Firing an employee often serves as a leader’s most visible evidence of their commitment to the Mission or shared purpose. This difficult act often leaves a trail of devastation for the terminated employee and can haunt the empowered manager for a lifetime. Emotional, life-changing actions are noticed; and, when an employee threatens the Mission or shared purpose of an organization (the greater good), they need to go!

A leader who fails to embrace this difficult and necessary action sends the unwitting message that employees who undermine the Mission are tolerated. That leads to a culture that does not “fuse” together around a shared purpose and can lead to a culture of mediocrity and under-performance. This task of necessary firings is particularly gut wrenching when an employee is otherwise working hard and demonstrating they share the commitment to the organization’s purpose.

Once in a rare while, the toughest reality of leadership happens easily and quickly. Ray Davis, executive chairman of Umpqua Bank, shares a remarkable and memorable example. He tells me that the morning after he fired an employee he was greeted with applause and a standing ovation when he entered the office! Really, a standing ovation? For firing an employee?

Davis tells the story of cutting a vacation short because he received a call, informing him that an employee was terrorizing the office and half of the accounting staff was about to walk out. Many were crying. This particular employee, Mike, had caused trouble before and was known to harass female employees with ‘off-color’ remarks.

Davis vividly remembers the following day, after flying home early. Davis told me: “I remember going into the office—and one of the rules that I [had] in my company is that when we have casual days like Friday, you can come in casual but you can’t wear Levi’s into our bank. If you work for us, no Levi’s. I don’t want to see that. But that day I had Levi’s on, and I walked right upstairs to the executive offices and Julie (his assistant). I didn’t say hello to anybody. I said to her, ‘Julie, where’s Mike?’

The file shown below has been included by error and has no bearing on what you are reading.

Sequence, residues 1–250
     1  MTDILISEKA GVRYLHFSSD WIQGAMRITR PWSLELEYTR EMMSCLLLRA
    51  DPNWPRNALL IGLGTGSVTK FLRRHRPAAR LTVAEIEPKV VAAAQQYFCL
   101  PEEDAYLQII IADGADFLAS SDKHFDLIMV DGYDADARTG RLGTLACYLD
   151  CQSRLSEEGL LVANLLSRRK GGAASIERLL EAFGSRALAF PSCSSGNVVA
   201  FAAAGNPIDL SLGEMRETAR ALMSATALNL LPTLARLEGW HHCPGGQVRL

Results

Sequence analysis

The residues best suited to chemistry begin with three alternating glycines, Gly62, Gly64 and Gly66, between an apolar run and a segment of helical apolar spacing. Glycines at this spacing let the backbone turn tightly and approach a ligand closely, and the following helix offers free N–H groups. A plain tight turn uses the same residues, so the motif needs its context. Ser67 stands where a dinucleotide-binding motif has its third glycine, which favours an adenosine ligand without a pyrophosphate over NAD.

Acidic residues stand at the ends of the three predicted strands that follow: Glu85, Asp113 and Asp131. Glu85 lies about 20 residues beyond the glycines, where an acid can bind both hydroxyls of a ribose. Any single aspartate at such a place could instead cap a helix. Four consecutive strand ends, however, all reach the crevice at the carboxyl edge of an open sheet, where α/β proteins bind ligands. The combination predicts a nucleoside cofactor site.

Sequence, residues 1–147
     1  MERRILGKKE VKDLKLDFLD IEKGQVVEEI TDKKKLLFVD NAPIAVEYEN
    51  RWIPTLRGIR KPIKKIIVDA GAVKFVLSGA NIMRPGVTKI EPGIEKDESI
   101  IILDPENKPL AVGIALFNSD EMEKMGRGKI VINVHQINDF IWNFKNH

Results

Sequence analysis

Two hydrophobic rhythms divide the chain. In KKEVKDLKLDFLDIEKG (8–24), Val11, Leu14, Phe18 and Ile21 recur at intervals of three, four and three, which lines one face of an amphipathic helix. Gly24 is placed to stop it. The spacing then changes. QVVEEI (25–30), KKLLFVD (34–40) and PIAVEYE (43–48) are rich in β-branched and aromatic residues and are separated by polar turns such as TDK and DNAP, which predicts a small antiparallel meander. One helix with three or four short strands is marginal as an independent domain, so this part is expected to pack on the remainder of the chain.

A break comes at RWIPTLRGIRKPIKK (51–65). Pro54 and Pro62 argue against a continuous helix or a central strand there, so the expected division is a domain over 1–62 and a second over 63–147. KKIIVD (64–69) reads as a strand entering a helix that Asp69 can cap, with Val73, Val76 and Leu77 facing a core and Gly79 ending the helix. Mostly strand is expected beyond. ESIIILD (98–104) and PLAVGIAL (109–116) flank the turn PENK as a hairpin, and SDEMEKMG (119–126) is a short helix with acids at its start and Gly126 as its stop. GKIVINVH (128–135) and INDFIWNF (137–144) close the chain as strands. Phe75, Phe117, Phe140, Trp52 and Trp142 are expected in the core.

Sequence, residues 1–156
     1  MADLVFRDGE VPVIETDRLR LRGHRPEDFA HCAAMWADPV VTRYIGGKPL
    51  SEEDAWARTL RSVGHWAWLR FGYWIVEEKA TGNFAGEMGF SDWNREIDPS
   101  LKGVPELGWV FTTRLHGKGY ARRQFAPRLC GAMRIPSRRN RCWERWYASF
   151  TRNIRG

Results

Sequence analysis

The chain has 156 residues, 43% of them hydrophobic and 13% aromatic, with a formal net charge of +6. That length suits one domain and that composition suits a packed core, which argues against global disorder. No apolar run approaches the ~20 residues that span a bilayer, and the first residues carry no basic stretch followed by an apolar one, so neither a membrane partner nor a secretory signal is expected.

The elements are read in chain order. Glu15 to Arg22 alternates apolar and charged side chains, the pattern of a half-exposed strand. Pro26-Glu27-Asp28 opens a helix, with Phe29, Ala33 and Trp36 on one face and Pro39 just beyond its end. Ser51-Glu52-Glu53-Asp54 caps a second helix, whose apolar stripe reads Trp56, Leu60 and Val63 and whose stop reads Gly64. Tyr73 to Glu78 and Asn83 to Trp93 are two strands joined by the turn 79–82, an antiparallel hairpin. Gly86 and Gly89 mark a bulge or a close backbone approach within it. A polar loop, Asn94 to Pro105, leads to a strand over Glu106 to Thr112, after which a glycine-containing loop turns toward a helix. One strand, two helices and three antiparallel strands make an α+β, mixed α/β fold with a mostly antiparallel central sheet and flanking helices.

She told Davis he was in a meeting with a large, well-known public accounting firm in a nearby conference room.

“‘Great,’ I said. I opened up the door, and there he was.

“I said, ‘Mike, can see you?’

“‘No, we’re in a meeting,’ he said.

“‘I need to see you,’ I told him.

“He must have been thinking, ‘What’s this? Ray’s not due back yet. And, what’s he doing in Levi’s?’

“I walked him to my office, and I said, ‘You’re fired, and I want your ass out of this bank now!’

“And he started to say, ‘Oh, this is about…’

“I said, ‘Yeah, we‘re not going to talk about it. You’re done. I want you out.’

“‘Well, let me go get my stuff.’

“‘No, get out now. I will make arrangements to have someone call you and meet you back here after everybody’s gone so you can get all your stuff out without causing a scene.’”

Davis told me that it was a brutal encounter, an extreme case. “Boy, it was,” he said. “I mean, he was out of there. And I went in to the accounting guys and said, ‘Meeting’s canceled.’”

Davis didn’t need to hear Mike’s side of the story because he had enough confidence in his assistant to know that all that she’d said was true. “I was not going to go in and have him try to explain it away,” he said. “That would have been a waste of my time. It happened. I knew it happened. If he wanted to make a big deal out of it afterwards, fine.”

He told his assistant that he’d fired Mike and that he needed to go home, but asked her to tell the accounting people he’d meet with them first thing in the morning. The next day when the CEO walked into the office, wearing a business suit instead of Levi’s, his employees, who had gotten wind that Mike was gone, greeted him with loud applause and a standing ovation.

This story is not about a good employee v a bad employee. And it’s not about right and wrong. This is about the critical importance of the leader evidencing their commitment to the shared purpose of an organization. It’s about the leader evidencing their commitment to the employees and a healthy culture.

Davis cut his vacation short in order to protect his team. Davis understood the importance of acting decisively and acting with urgency. Davis shares many other stories that shed light on leadership behaviors that “fuse” teams together and these can be found in the book Davis helped me write, Fusion Leadership.

No single action by a leader better evidences his or her commitment to one’s team and the leader’s commitment to the organization’s purpose than terminating another employee. Often this is a gut-wrenching reality of leadership. And sometimes it happens easily and quickly.

The key is to act with the interests of your organization and your team’s shared purpose as your north star.